Higher Education Loans, not Costs, Fallacy

20 Aug

I have been fortunate to be one of those students in higher education, in both undergraduate and now graduate school, who will not have loans to pay back when I graduate because of a variety of reasons.  With the increasing costs to higher education which is now a nearly mandatory thing to get ahead in life, I feel for those that struggle with the skyrocketing tuition.  I had a variety of jobs, in addition to the major help of my parents, so that the costs incurred during my studies would be comparatively low.

Over this past summer, there was much political debate about interest rates for student loans (POLITICO).  The question was “How much should loans cost?” not “How much should college cost?” like it should have been.  A few years ago, I thought that the traditional 4-year college was the only way to get ahead in life, but I have included other avenues such as vocational and technical schools.  Nevertheless, I am more convinced than ever that the financial ability to pursue vocational, technical, or higher education schools should not be a determination in whether someone does actually go to school should not be a factor.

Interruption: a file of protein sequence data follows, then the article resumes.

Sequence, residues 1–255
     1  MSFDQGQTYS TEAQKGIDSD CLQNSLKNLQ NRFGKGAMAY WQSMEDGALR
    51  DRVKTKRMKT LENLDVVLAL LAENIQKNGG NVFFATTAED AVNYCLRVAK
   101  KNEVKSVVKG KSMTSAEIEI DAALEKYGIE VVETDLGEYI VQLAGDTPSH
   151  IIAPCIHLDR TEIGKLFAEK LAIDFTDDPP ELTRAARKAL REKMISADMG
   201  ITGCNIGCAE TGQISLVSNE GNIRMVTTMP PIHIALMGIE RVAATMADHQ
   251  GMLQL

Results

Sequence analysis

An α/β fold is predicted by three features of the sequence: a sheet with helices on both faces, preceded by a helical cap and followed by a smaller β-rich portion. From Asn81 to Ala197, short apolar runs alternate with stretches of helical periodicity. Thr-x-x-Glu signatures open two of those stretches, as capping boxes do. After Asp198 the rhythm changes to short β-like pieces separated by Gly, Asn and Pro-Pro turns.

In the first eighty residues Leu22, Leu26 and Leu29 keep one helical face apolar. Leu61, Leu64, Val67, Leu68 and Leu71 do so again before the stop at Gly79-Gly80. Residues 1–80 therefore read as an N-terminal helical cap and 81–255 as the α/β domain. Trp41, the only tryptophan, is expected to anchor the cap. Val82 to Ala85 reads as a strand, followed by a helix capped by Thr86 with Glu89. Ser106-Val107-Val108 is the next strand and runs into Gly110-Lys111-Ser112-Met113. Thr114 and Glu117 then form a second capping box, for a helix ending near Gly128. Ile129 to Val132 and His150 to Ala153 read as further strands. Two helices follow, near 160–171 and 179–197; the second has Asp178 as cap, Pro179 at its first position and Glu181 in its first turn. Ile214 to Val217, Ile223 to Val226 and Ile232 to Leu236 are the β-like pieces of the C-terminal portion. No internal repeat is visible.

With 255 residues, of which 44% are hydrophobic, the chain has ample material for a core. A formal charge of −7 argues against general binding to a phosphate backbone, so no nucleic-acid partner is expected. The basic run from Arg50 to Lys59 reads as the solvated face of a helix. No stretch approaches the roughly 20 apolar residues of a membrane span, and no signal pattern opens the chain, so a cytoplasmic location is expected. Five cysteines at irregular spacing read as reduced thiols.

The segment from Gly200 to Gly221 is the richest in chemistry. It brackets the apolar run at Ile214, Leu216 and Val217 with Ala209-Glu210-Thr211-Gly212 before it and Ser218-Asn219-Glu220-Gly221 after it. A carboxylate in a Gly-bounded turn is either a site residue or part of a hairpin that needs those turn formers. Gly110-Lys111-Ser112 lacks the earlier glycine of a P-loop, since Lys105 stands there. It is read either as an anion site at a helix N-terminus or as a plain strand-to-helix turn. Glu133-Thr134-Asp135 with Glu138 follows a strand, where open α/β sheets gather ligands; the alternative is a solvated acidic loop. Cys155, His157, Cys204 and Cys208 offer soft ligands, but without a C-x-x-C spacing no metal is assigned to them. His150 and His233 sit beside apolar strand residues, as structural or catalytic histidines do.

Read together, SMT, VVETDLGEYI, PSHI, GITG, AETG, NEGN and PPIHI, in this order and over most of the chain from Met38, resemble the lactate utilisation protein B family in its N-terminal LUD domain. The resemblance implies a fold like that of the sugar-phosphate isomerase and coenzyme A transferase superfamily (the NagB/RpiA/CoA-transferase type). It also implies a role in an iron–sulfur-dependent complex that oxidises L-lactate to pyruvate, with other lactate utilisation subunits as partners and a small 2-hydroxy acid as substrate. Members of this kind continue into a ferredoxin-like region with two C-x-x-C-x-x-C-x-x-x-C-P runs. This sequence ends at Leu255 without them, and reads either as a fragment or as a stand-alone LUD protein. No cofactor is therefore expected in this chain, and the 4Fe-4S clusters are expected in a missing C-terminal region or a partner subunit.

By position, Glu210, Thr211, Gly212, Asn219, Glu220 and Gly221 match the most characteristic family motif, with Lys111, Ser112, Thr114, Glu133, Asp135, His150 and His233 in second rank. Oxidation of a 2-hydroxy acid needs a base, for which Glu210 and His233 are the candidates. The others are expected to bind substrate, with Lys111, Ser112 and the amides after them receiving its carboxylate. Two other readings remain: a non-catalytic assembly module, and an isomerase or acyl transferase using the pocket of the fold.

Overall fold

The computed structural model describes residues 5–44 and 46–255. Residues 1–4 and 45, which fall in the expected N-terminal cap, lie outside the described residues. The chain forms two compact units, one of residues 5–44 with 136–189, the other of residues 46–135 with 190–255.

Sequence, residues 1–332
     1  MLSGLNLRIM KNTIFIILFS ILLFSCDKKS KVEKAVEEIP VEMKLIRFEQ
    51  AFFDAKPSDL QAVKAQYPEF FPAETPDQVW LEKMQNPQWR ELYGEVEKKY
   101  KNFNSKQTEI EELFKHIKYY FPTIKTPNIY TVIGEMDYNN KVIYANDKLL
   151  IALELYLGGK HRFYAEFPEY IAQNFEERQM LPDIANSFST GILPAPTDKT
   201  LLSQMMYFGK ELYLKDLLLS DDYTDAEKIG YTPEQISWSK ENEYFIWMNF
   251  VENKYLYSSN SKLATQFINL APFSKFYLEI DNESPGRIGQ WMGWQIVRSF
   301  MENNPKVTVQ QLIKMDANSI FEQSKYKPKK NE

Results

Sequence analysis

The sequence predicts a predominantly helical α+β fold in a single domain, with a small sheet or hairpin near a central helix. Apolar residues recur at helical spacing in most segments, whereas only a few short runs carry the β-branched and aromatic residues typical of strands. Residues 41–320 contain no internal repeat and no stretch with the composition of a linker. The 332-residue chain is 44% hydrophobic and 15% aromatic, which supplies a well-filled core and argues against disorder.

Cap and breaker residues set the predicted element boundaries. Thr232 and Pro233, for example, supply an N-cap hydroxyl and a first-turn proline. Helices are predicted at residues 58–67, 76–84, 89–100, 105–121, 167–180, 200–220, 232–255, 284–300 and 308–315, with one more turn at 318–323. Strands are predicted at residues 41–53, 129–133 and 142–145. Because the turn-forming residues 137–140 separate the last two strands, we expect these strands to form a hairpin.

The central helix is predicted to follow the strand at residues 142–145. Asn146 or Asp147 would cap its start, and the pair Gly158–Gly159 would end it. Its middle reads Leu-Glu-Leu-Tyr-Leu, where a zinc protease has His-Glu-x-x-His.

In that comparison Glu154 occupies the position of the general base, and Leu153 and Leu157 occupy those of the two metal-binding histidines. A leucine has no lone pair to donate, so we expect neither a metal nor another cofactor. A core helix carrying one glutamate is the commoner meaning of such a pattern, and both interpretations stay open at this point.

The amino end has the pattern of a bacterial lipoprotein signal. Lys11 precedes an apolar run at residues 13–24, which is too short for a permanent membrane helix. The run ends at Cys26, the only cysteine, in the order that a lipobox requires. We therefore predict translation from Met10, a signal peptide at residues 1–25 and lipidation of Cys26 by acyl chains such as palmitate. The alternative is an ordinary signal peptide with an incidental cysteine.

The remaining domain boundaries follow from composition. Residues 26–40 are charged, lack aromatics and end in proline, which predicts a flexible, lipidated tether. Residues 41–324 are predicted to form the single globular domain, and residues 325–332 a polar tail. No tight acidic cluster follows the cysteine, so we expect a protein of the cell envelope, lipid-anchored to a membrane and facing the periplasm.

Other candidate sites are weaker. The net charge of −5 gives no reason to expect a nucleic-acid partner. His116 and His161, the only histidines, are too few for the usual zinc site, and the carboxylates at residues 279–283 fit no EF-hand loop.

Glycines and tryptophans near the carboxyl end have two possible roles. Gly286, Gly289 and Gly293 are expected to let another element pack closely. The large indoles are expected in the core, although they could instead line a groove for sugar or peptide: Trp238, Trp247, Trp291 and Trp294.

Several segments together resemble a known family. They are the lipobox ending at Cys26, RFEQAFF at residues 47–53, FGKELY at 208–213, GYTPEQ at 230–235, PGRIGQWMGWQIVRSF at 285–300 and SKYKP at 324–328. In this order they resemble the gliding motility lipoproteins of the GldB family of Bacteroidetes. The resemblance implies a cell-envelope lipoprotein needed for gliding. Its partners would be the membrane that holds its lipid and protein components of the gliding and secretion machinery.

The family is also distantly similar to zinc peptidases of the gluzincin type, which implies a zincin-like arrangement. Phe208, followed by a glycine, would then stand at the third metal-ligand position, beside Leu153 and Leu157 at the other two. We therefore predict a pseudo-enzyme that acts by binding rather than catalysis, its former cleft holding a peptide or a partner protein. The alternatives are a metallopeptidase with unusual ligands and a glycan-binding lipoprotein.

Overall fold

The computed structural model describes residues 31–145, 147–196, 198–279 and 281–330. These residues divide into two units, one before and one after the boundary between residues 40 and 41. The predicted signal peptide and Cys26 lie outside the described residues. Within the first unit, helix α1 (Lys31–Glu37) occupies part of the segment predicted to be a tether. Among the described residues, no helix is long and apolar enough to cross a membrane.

Education is a long-term investment that, unfortunately, politicians will not aggressively pursue.  They will never be able to reap their rewards because it’ll be 20+ years before they receive a return on that investment.  Now investment does not just mean financial, but at the very least it means a focus to do what is right for the students, no matter the political consequences.  Right now, those thinking about life after high school have to weigh their financial ability before, during, and after school.  We should not have to pick between different costs and loan terms first, then school fit last.

Education used to be a way to climb up the social ladder, but now, it seems to have already separated prospective applicants into a perpetuating cycle of haves and have-nots.

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